Now, legends aside, what do academics think? Did the Irish come from Spain? or, to be more precise, from the Celtic region of Gallaecia? To put it simply, Carey argues that “the story of Ireland’s settlement from Spain can be shown to have been based not on native tradition but on scholarly speculation, drawing on Latin learning and especially on the writings of Orosius” (10), a Spanish cleric – himself a native of Galicia. The Roman ideas of geography are a key question; “If Spain was thought to be the part of Europe closest to Ireland, what would be more natural than to see it as the source of arrivals from overseas? Already in 1915 the Dutch scholar A.G. van Hamel had concluded that practically ‘the entire story’ of the sons of Míl can be accounted for on the basis of the geographical ideas of Orosius” (Carey 10-11). Finally, at “a time when scholars in Ireland felt themselves to be receiving so much from Spain, […] it is not at all surprising that Spain – ‘the mother of races’, as Isidore [of Seville] had called it – should figure prominently in their own historical speculations” (Carey 11). Thus, Carey concludes that the legend of the Milesians was “an old invention, the fruit of medieval imagination, rather than a dim recollection of the prehistoric past” (11). Manuel Alberro also states that its historical credibility “has been gradually deteriorating. Initially considered a legitimate chapter of Irish history, it is presently rejected as ‘pseudo-history’” (1).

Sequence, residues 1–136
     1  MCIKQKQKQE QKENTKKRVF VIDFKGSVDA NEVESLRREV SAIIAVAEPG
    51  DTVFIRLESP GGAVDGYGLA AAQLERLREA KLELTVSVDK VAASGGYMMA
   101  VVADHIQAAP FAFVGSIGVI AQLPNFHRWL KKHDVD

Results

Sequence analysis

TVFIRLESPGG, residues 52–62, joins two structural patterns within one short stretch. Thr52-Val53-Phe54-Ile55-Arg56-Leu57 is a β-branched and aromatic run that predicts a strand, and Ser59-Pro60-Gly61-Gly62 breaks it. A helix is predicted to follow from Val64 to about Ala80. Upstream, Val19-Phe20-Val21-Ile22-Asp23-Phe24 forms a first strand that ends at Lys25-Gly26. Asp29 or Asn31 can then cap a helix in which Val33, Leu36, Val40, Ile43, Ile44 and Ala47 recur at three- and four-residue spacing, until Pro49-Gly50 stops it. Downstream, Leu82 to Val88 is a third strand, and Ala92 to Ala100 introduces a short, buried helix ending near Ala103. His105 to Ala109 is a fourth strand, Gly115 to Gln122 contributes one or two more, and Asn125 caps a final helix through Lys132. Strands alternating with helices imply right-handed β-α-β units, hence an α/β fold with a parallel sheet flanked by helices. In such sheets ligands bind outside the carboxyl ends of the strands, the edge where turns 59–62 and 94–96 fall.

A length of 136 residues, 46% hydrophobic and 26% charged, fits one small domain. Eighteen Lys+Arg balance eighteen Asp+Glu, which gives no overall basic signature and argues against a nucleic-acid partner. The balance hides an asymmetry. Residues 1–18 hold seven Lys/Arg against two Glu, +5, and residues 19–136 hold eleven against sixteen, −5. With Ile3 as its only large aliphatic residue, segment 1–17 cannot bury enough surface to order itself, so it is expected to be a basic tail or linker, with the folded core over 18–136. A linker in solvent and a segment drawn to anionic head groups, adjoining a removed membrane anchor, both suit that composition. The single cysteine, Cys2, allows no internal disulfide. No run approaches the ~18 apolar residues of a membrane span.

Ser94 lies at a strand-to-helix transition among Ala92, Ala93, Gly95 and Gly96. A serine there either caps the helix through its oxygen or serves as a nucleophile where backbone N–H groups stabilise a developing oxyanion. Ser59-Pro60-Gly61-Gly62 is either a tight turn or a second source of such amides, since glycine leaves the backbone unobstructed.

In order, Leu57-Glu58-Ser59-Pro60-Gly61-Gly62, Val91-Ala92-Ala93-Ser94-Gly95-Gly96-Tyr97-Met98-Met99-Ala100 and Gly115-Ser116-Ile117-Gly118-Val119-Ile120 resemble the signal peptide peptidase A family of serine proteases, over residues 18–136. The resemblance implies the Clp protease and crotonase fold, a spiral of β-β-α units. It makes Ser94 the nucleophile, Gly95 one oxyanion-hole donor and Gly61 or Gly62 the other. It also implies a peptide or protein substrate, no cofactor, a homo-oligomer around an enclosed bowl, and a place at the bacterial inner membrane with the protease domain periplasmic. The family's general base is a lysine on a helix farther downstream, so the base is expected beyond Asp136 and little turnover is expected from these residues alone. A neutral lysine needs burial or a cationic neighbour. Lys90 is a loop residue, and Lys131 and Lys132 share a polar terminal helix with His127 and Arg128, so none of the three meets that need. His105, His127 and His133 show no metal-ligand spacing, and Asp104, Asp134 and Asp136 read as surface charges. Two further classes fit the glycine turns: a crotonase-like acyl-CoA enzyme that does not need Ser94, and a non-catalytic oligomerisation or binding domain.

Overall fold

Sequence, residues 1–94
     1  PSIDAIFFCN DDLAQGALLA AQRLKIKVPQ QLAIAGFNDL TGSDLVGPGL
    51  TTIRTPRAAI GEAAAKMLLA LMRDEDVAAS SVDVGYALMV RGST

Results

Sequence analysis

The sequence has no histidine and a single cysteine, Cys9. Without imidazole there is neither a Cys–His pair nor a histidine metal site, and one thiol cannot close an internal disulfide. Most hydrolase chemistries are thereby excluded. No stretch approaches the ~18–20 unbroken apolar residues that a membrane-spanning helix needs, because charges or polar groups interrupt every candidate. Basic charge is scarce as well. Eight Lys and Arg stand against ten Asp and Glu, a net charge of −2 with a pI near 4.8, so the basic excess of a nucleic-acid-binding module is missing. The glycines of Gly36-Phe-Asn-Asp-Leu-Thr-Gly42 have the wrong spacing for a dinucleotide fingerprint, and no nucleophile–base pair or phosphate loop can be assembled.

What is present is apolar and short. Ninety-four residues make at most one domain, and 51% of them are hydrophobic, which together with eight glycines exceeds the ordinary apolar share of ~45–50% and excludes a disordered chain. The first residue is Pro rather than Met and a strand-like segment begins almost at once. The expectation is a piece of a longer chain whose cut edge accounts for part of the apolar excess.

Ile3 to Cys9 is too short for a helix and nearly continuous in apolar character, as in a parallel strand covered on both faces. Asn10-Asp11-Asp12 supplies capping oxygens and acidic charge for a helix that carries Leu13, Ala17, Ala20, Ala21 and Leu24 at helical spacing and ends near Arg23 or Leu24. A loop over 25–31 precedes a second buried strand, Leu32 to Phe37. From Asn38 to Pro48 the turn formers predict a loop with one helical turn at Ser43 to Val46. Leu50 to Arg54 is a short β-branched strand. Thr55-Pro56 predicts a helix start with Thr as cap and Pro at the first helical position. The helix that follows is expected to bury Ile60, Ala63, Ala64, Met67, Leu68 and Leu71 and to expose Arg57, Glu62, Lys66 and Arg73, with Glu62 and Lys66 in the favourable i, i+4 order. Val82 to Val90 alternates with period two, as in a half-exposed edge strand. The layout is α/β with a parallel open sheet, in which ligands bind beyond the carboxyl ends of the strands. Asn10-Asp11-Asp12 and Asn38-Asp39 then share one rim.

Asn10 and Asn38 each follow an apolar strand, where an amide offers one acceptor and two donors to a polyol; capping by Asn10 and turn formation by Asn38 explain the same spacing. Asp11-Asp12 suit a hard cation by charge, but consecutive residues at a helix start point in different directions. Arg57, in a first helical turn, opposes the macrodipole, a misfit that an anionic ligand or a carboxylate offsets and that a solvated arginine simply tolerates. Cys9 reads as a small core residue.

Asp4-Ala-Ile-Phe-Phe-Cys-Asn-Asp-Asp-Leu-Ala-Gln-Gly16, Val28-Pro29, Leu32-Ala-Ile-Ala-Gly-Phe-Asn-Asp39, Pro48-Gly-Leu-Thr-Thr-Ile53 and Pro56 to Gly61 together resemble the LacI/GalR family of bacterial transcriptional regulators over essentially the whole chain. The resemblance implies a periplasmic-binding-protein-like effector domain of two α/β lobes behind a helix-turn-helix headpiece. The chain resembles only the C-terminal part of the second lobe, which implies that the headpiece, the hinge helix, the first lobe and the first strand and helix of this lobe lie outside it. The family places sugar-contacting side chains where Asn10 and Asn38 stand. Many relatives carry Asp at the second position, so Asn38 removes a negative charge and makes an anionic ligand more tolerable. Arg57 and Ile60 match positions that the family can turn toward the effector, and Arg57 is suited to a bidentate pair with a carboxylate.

However, when facts fail our purposes, we can still choose to believe. The original link between the Galician and the Irish people might be just a myth, but that is not the issue anymore; the Irish-Galician link goes far beyond that. Manuel Alberro talks about the contacts between Gallaecia and Ireland since the Neolitic, increased during the “Atlantic Era” of the Bronze Age, until the middle of the 1st c. AD; and about the “close resemblances between the folk-tales and legends of Galicia and those of Ireland” (3).